Then he mentioned carbon trading which immediately set off my alarm bells. I asked in a quite cynical way whether he honestly believed that this would fix the world’s problems – carbon trading seems a bit like going abroad (into the “third world”) to buy letters of indulgence where they are cheaper so we (industrialized countries who have the knowhow to implement clean tech) can happily continue to crank up our emissions! Fortunately he added that the priorities should be as follows:

1. Save Energy
2. Increase Efficiency
3. Implement Renewables
4. Consider Carbon Trading

We also talked about architecture and “bioclimatique” – apparently the head mistress of his school managed to convince authorities that the air-conditioning should be switched off since a study (?) showed that air-conditioning increased the (swine-flu) infection rate. Most schools here have adopted a “come-to-class-if-you’re-willing-to-take-the-risk” -policy which means that parents are free to decide whether they want their children to attend school or not… Wonder what kind of impact the swine flu is going to have on the world… Roti sent me a document in French with the following quote:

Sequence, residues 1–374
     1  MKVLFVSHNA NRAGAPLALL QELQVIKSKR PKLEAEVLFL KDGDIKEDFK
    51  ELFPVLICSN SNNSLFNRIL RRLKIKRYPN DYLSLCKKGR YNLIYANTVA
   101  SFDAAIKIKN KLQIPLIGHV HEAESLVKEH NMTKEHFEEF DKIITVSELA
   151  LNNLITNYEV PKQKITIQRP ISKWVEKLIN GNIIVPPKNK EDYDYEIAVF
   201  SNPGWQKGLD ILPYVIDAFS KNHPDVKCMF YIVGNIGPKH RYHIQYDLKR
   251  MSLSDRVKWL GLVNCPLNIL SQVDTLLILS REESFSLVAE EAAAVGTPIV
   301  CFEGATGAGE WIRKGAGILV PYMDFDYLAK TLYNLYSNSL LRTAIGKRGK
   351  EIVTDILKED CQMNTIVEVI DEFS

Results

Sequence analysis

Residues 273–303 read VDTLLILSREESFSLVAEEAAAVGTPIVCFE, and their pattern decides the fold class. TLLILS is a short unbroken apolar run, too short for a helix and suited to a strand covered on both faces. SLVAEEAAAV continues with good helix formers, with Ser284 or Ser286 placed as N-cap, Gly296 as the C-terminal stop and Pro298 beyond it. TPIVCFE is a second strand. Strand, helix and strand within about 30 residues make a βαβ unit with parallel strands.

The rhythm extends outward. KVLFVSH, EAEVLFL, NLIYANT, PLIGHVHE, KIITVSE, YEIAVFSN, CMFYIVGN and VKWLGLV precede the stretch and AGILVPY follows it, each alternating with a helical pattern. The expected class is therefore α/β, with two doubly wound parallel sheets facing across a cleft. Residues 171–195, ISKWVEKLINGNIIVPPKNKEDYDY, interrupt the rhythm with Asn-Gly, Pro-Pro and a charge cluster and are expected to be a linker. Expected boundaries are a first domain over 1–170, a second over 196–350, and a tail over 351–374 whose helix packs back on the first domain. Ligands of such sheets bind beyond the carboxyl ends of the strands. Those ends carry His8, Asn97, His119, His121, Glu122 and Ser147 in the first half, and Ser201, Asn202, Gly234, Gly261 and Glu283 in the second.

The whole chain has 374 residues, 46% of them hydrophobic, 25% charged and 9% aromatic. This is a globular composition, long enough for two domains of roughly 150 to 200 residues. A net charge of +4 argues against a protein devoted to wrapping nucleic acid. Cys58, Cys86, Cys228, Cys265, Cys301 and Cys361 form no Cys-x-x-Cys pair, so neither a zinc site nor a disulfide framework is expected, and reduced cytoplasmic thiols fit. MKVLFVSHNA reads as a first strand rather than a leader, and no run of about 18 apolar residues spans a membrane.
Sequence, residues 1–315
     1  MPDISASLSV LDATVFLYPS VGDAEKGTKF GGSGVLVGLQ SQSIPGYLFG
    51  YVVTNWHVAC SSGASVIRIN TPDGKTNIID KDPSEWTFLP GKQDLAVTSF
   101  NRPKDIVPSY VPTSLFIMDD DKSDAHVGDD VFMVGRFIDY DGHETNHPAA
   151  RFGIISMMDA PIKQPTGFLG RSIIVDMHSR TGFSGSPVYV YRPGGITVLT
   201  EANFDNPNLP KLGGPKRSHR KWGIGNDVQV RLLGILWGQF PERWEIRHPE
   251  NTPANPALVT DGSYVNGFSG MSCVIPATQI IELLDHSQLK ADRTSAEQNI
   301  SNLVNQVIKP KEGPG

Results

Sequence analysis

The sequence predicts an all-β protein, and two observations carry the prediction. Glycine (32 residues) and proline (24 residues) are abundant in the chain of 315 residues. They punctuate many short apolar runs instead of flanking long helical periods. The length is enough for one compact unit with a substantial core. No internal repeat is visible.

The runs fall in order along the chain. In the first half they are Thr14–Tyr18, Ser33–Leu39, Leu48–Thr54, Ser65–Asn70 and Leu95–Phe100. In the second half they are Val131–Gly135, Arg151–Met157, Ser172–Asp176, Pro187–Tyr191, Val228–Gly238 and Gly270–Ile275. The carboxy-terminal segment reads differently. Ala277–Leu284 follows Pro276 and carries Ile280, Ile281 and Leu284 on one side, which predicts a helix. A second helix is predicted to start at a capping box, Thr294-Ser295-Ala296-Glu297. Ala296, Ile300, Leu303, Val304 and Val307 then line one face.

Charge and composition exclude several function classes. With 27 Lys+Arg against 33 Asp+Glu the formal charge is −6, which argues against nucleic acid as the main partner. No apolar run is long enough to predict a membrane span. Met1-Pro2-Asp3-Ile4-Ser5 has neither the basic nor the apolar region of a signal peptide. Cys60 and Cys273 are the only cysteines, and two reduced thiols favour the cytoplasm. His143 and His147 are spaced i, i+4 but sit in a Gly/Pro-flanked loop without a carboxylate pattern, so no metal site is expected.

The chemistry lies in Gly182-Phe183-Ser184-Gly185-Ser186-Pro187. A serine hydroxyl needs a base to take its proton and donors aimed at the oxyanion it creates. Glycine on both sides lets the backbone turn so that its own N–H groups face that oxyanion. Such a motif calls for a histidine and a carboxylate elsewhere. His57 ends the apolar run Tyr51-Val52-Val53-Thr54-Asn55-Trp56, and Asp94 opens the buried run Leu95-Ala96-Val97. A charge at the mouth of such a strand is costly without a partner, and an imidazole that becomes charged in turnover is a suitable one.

« Il faut prendre des mesures draconiennes de réduction démographique contre la volonté des populations. Réduire les taux de natalité s'est avéré impossible ou insuffisant. Il faut donc augmenter le taux de mortalité. Comment ? Par des moyens naturels : la famine et la maladie. »

"There are only two ways of preventing a world with 10 billion inhabitants. Either the birth rate drops or the death rate will rise.There is no other way… There are, of course, many ways to make the death rate increase. In the thermonuclear age war can take care of this very quickly and in a definite way. Famine and disease are the oldest."

Robert Mc. Namara, former U.S. Secretary of defense and former president of the World Bank

… not a very good translation (the French quote) or I just didn’t find the right quote online…

Apparently the UNO, the WHO and the pharmaceutical corporations Baxter and Avir Green Hills Technology are in on this… or is this just another unjustified conspiracy theory? Unfortunately or maybe luckily internet here is very expensive otherwise I’d probably spend hours on internet research – sometimes it may be better not to know - blinkers are so extremely comfy…